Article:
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A Generation Shaped in Jail - Why Mandatory Sentencing Should End

By Bob Brown - posted Wednesday, 19 April 2000

Laws of mandatory sentencing force magistrates and judges to jail offenders rather than consider the alternative of community service or rehabilitation. It takes away the time-honoured role of the courts in ensuring the sentence fits the crime, taking into account the offender's life circumstances.

Mandatory sentencing was introduced in Western Australia in 1996, where it applies to burglary, and the Northern Territory in 1997, where it applies to a wide range of property crimes but mostly snares Aboriginal people for minor theft where no harm to a person has occurred. A good legal system protects citizens and rehabilitates law-breakers. Mandatory sentencing does neither.

In 1998 I was approached by the indigenous community and the Northern Territory Greens to instigate Federal action. The result is the bill that is before the Senate, co-hosted by the Greens, the Democrats and the ALP, to overturn mandatory sentencing of juvenile offenders in Australia and ensure that our human rights obligations to children are met.


Since mandatory sentencing was introduced in Western Australia, Aborigines have been detained at 60 times the rate of non-Aborigines. In the Northern Territory the crime rate has increased by up to 40 per cent.

Worst hit are remote Aboriginal communities, where an openness not found in the city means people who steal are much more easily detained. Port Keats, in Arnhem Land, is a village of 2,500 people. Before 1996 it provided 2.5 per cent of the Territory's prisoners. Now it provides 18 per cent.

Bewildered and resentful Aborigines are held hundreds of kilometres away from family, friends and their all- important "country", for such crimes as stealing a can of cordial, a bicycle or a packet of biscuits.

The result, as the president of the Law Society of the Northern Territory, John Tippett, put it, is the jailed generation. The expectation among youngsters, particularly boys, that they will go to jail is so high that it is being seen as a rite of passage replacing traditional transition to adulthood. Moreover, white-collar crimes, almost never committed by Aborigines, are not subject to mandatory sentencing. The effect of mandatory sentencing is clearly racist.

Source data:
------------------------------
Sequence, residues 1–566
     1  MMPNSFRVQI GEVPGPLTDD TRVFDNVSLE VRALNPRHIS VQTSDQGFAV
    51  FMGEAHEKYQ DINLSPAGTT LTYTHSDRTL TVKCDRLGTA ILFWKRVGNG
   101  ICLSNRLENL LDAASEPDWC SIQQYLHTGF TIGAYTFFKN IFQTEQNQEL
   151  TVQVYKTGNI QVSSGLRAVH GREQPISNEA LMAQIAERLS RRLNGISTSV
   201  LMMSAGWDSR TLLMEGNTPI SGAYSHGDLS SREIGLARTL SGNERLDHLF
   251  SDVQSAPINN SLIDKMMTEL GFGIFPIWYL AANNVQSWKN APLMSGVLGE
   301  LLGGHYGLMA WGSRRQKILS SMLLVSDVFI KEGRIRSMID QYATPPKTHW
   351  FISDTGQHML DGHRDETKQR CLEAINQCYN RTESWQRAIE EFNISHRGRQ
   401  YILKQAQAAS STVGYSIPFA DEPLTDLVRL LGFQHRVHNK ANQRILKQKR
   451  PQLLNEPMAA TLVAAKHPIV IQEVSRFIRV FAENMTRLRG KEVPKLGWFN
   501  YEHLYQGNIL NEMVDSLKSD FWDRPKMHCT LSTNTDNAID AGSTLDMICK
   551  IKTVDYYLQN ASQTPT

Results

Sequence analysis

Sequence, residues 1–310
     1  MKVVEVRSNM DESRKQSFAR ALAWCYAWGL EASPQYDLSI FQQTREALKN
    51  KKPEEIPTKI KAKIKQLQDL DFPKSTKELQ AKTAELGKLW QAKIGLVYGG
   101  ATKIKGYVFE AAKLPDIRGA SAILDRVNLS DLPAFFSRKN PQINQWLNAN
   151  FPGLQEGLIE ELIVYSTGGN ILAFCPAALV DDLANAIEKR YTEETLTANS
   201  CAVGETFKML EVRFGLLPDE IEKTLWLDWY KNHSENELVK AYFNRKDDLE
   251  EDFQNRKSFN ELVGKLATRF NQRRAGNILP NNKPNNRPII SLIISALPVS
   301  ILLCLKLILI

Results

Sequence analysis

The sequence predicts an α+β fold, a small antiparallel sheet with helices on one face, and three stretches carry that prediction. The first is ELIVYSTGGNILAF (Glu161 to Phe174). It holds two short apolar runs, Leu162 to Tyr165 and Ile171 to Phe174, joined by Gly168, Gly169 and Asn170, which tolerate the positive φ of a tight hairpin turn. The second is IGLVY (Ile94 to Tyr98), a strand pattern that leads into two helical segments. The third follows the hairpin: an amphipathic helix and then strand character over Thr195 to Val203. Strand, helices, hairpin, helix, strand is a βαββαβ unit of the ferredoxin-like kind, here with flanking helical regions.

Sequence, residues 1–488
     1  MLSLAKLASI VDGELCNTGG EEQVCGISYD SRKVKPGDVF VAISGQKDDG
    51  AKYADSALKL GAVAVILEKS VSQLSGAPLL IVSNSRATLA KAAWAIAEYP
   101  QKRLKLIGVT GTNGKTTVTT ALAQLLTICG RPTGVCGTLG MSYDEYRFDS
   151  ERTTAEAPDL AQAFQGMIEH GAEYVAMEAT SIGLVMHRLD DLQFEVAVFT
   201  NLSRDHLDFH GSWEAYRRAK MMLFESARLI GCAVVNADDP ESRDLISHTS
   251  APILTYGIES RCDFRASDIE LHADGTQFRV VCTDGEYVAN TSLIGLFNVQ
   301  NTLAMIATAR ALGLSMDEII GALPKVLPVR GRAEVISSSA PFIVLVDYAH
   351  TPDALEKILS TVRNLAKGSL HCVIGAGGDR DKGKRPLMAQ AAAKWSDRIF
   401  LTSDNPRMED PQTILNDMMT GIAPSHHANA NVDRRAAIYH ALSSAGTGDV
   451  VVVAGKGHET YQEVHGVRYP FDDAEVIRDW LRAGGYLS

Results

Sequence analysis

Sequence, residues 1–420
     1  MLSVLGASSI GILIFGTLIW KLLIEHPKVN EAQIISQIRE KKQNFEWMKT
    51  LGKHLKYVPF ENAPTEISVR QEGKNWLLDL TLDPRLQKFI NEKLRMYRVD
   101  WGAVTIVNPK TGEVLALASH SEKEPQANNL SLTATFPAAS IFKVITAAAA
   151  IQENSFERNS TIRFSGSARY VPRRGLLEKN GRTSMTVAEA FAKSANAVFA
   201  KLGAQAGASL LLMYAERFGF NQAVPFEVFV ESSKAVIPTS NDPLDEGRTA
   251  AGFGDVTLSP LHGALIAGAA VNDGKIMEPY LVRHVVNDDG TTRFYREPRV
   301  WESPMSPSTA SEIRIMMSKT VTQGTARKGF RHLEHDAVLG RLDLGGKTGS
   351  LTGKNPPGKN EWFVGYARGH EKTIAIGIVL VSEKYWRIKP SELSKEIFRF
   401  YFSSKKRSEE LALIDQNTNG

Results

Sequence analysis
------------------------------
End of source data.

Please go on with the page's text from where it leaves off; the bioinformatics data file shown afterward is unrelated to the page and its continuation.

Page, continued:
Earlier this month, the Senate Legal and Constitutional References Committee flew to Alice Springs, Darwin and Perth to investigate. The committee heard how one homesick Aboriginal boy repeatedly telephoned over a period of six months from Don Dale Juvenile Detention Centre in Darwin, saying, "I'm lonely. I'm missing my family. Can you bring my family to the office so that I can talk to them." But Alice Springs is as far from Darwin as Birdsville is from Sydney and his family could not be near him.

A 17-year-old boy who spoke little English went through court, was jailed for two weeks, and came out still not understanding why. None of the proceedings used his Aboriginal language. Aboriginal law, which he would have understood, is prohibited.


Interpreters, says the Northern Territory Government, are "very expensive". Yet the captains of Indonesian boats caught smuggling people have interpreters available in Darwin's courts.

The committee heard how youngsters break into supermarkets, bypassing the sweets, to steal spraycans of paint. Their aim is to sniff to contents. The result is a "rush" to the head and instant escape from the despair of their lost culture, broken communities and the deep, demoralising sense of being third-rate and victimised in their own ancient land.

Inhaling spraycan vapours, like petrol sniffing, is a horrifying indicator of the plight of a whole generation of indigenous Australians. Ending it will require imagination, innovation and considerable resources from the nation, not the application of frontier justice. For a fraction of the $340 a day it costs to keep children in detention, Aboriginal communities could establish and run facilities to have offenders given a better chance of becoming productive, happy citizens.

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About the Author

Bob Brown is Senator for Tasmania and Leader of the Australian Greens and introduced the Human Rights (Mandatory Sentencing of Juvenile Offenders) Bill 1999 into the Senate.

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